For this reason, and because David you have proved yourself so committed to giving the silenced a voice, I want to stand up with everyone here and cheer you on. Please don’t let them shut you up!

  17. Dipteran says:

    David, you’ll notice in their threats the familiar refrain of reputation and revenue – their threats belie what they themselves hold dear.

  18. Tamara Rice says:

    I’m having flashbacks to being called “a godless enemy of the gospel” for trying to expose a mission board’s corruption and collusion with a pedophile … ugh. I’m sorry so much hate and intimidation is being thrown your way. Keep your chin up. Frankly, speaking up in cases of injustice does have a cost. It might cost you. I know it has cost me the times I have spoken up loudly. It’s cost me my health, my sanity, friends, and I think it’s cost me a few freelance gigs, not to mention that the quality of some extended family relationships have suffered too. It’s serious work. But ultimately I’ve gained something too: compassion, wisdom, and the satisfaction of knowing when rubber met the road I didn’t get out of the car and walk away. Stay strong. You’ll be able to hold your head up and know you did what was right. Sometimes that has to be enough. And it ultimately is.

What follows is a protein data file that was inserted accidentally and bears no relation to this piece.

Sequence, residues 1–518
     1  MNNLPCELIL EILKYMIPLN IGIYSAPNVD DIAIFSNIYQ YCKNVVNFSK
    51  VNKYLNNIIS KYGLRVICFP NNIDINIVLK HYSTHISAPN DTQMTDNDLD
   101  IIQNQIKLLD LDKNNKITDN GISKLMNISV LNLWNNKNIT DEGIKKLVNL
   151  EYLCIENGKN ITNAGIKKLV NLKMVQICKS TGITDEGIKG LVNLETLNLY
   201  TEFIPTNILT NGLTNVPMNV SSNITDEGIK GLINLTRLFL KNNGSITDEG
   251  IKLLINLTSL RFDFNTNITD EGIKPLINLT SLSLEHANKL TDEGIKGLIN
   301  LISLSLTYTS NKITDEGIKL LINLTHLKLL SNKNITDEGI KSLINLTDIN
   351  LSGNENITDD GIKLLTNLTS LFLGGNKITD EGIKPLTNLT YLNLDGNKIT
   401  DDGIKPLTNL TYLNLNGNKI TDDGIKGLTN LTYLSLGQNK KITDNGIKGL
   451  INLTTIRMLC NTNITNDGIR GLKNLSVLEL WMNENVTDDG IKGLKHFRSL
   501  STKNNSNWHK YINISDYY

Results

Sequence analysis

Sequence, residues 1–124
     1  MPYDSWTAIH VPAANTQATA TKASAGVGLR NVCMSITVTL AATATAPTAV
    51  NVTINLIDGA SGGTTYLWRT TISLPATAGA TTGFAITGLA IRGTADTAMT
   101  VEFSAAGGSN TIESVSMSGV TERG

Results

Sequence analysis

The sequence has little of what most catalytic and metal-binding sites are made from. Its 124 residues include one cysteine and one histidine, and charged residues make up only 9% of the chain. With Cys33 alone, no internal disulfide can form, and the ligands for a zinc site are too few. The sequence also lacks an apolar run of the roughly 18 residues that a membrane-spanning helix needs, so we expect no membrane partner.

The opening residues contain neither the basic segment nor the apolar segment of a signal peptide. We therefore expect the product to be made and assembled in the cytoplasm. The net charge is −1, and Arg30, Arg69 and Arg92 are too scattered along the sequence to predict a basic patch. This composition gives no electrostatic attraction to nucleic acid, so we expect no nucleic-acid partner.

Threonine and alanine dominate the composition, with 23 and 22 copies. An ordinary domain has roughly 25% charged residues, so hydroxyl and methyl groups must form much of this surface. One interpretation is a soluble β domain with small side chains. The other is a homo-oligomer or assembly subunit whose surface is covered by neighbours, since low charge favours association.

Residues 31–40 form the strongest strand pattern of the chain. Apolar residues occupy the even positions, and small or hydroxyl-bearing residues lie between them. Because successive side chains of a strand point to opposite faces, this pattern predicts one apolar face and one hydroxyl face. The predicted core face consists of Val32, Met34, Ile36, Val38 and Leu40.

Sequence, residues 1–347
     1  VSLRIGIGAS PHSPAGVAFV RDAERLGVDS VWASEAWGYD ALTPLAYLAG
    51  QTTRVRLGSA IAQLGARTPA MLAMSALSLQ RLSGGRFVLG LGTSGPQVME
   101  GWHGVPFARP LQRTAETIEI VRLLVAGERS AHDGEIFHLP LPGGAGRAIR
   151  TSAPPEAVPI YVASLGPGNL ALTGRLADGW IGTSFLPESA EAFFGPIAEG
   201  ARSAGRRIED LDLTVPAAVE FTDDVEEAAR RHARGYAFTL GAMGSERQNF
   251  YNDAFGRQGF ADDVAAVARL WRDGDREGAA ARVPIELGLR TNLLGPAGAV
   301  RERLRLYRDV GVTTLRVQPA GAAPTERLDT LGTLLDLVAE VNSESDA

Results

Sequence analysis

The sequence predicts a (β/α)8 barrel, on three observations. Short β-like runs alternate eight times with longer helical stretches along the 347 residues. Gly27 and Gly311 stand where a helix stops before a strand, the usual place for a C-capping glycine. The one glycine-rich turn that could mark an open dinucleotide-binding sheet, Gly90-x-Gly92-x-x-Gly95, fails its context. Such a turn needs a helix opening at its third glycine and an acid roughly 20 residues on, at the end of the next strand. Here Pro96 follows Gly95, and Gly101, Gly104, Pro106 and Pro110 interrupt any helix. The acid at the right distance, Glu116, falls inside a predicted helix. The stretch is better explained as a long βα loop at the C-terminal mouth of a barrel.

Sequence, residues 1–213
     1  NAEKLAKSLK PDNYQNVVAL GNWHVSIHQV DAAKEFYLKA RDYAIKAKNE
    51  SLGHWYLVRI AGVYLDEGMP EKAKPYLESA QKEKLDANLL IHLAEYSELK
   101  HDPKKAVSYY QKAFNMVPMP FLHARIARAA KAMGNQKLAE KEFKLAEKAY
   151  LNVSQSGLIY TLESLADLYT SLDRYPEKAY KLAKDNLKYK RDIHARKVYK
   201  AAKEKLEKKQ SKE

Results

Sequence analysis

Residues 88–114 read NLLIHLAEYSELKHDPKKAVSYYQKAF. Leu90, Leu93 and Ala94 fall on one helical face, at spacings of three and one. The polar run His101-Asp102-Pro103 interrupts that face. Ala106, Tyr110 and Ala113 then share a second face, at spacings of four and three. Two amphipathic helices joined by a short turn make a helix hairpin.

19. Lydia says:

    I am familiar with the “threats” you listed, personally, although most of the time mine were shrouded in victimese speak. It never ceases to amaze me how celebrity christians who have spent a lot of time and energy basically communicating “look at me!” , want to suddenly cast themselves as victims…wait…actually they caste themselves as worse victims than the real victims of their silencing tactics.

    I AM that cartoon fishy. It communicates what I lived through for years in the seeker mega world and post..That cartoon comminicates the power politics perfectly.

  20. Yes this dynamic is at work in every sphere.

  21. Anon1 says:

    I love the threat, “No one will endorse your book.”

    Everyone who is a professional marketer in Christian publishing knows that a big-wig’s endorsement just ain’t what it’s cracked up to be. (We only wish it were. It never is.)

Daily Cartoon & Reflection!

PLUS: Sign up & get my FREE eBook "Two Sizes Too Small"!